Echoes from the Past

President Obama Helps ‘Hamilton’ Creator Lin-Manuel Miranda Freestyle At The White House (source:

Among the oft-quoted lines from Lin-Manuel Miranda’s Hamilton is a little joke the title character shares with the Marquis de Lafayette: “Immigrants: we get the job done.” Miranda has emphasized that he wanted to tell a diverse story of the birth of the nation, and so it made sense when he was asked recently about the anti-immigrant rhetoric and policy proposals among current presidential candidates. “It’s so old,” he replied, linking our world to a long history of exclusionary platforms. “This isn’t new. . . It’s a part of our politics.”

As I thought about that response, I started wondering about how and why people draw links between past and present. People who like history also like to point out the fact that so much about our world is “so old.” This simple truth allows historians to speak to the present and to claim a place in contemporary political debates. It allows us to talk about how relevant our subjects are, to assert the real, urgent significance of the distant past. And it allows us to speak to audiences who are interested in navigating a thorny issue, sharing with those audiences the ways others have previously dealt with those same thorns.

But as it enters the public discourse, it seems at times like the ways we tie the present to the past can obscure real differences between the two. In the centuries between Alexander Hamilton’s critics questioning his place in the nation and the candidacy of Donald Trump, individuals, movements, and laws have worked to broaden the possibilities for immigrants in the United States. Our world looks far different from Hamilton’s, and so echoes of his critics should feel shocking, rather than familiar, precisely because they reflect ideas that are so old.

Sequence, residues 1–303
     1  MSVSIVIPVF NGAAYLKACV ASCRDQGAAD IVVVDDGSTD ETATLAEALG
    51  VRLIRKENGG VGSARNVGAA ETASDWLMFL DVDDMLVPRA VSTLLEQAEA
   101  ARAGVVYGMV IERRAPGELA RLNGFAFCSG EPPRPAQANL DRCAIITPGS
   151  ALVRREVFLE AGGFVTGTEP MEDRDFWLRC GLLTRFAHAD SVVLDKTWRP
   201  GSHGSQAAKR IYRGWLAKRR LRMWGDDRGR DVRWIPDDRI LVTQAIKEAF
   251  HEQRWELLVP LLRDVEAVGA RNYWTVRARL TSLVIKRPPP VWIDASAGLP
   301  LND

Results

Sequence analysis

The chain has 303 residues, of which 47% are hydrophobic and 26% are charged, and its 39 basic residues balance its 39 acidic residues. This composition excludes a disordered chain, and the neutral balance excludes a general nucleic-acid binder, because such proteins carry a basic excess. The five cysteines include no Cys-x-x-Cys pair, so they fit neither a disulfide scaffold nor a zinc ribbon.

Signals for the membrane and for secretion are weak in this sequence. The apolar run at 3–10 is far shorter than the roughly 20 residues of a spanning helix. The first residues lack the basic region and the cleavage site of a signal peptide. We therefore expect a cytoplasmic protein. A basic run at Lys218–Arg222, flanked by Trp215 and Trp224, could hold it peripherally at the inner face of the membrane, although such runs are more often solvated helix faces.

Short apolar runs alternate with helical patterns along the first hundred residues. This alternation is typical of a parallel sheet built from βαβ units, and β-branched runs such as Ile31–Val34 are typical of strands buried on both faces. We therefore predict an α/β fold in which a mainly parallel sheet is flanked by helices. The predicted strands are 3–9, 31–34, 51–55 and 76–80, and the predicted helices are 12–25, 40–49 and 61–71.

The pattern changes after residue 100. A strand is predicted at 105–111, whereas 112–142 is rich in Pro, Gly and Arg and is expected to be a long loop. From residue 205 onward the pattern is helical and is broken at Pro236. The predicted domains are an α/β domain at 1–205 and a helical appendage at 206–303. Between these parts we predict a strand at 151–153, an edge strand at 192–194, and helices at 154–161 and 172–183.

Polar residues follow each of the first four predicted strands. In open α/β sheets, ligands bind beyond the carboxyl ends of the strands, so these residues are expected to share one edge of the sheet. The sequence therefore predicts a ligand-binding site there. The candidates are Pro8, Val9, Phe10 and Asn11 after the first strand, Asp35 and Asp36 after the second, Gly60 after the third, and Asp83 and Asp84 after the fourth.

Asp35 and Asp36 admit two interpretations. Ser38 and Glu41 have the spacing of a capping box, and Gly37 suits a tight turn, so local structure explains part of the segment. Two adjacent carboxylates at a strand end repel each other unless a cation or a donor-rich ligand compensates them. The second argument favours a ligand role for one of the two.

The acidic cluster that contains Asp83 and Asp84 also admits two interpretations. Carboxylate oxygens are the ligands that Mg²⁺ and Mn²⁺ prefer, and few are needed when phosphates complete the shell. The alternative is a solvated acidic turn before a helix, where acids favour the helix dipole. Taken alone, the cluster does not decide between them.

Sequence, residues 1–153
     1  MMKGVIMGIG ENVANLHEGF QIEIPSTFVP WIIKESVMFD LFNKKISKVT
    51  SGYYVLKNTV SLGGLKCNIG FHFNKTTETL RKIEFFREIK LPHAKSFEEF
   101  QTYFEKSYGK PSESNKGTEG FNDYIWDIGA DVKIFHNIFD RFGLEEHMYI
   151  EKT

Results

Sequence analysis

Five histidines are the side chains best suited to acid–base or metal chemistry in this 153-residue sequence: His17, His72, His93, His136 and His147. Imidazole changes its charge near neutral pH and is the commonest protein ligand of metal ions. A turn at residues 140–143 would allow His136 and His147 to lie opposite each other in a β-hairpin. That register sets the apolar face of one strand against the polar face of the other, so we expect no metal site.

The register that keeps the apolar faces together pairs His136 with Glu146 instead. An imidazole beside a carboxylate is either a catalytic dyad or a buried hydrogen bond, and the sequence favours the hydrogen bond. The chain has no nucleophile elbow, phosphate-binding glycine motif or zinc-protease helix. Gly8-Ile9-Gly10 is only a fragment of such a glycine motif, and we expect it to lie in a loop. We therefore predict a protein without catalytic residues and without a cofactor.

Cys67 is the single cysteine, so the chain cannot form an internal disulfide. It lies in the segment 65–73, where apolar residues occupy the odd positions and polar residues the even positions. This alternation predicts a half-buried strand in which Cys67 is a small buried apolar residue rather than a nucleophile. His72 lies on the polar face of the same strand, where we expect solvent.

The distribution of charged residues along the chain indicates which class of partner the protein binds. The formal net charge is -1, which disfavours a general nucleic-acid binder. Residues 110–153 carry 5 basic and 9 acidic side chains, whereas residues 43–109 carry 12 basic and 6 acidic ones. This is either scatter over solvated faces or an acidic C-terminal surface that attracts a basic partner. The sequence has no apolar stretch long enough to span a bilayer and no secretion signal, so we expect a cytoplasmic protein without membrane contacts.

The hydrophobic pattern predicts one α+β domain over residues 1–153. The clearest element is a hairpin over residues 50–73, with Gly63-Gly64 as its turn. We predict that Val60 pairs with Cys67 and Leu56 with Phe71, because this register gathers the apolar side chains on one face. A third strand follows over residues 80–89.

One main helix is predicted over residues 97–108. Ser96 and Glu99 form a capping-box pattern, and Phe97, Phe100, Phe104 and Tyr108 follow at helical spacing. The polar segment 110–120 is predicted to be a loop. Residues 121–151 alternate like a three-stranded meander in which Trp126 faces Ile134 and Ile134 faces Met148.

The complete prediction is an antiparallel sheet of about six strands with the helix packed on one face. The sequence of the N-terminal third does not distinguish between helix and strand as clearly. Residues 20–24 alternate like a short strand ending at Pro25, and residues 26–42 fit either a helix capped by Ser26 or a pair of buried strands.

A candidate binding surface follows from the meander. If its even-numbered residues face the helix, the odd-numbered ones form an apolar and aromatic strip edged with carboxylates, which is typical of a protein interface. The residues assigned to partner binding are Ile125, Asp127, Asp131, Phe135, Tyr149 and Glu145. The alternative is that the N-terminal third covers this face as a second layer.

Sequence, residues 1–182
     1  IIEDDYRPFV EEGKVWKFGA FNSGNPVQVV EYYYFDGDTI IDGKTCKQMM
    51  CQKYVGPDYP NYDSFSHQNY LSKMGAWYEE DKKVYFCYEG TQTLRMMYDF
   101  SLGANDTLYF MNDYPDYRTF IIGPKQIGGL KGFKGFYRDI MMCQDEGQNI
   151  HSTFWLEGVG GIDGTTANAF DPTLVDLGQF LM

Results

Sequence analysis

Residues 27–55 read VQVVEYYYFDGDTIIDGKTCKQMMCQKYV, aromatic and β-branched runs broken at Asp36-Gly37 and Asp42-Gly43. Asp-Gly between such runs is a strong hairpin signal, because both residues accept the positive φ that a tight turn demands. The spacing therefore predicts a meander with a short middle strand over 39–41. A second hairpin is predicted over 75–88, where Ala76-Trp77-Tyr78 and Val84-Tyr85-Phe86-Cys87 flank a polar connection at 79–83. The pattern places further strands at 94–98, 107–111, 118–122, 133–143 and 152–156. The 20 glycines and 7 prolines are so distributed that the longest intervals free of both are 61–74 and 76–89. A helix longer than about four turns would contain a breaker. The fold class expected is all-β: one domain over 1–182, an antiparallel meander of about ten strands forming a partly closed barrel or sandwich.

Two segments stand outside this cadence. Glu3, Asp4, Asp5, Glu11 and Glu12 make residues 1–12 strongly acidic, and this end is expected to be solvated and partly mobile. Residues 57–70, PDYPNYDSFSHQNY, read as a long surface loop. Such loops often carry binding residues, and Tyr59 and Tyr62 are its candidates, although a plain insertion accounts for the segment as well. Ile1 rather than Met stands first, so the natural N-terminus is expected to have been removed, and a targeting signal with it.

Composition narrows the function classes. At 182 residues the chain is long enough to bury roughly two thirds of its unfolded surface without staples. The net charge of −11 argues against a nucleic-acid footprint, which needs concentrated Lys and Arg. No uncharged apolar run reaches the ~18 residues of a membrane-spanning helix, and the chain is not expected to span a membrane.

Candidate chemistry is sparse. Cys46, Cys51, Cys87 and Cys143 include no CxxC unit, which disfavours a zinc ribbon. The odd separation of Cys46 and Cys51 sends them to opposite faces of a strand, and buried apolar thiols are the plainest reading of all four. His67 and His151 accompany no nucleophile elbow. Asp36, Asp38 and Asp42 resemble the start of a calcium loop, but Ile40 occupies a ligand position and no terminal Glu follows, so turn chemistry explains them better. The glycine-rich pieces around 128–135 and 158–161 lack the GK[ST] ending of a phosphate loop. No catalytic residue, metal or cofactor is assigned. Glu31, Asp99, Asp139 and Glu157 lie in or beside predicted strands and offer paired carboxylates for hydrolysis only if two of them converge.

When we invoke the past to understand our politics, we risk allowing history to explain the present. We can find ourselves trapped, perhaps thinking that inequalities and injustices persist because they have plagued us for so long. Recognizing the centuries-long history of prejudice and injustice in the United States does not necessarily mean that we should expect many more years of prejudice and injustice. And the suggestion that an old struggle will continue doesn’t bring us closer to winning that struggle or to shutting down the injustices at the heart of old ideas.

It’s important that we understand the exclusionary ideas and arguments that have been with us for decades and centuries, that we recognize echoes of the past in the present. But it’s just as critical that we think carefully about how these things develop and become meaningful in our contemporary context. An echo isn’t an exact replica of the original, and it’s key that we recognize the factors that produce these echoes and think about why exactly they reverberate in dramatically different worlds.

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Christopher Bonner

Christopher Bonner is an Assistant Professor of History at the University of Maryland, College Park. He specializes in African American history, particularly black protest in the early United States. He is at work on a manuscript titled “The Price of Citizenship,” which examines black activists’ efforts to construct American citizenship before the passage of the Fourteenth Amendment. Follow him on Twitter @63cjb.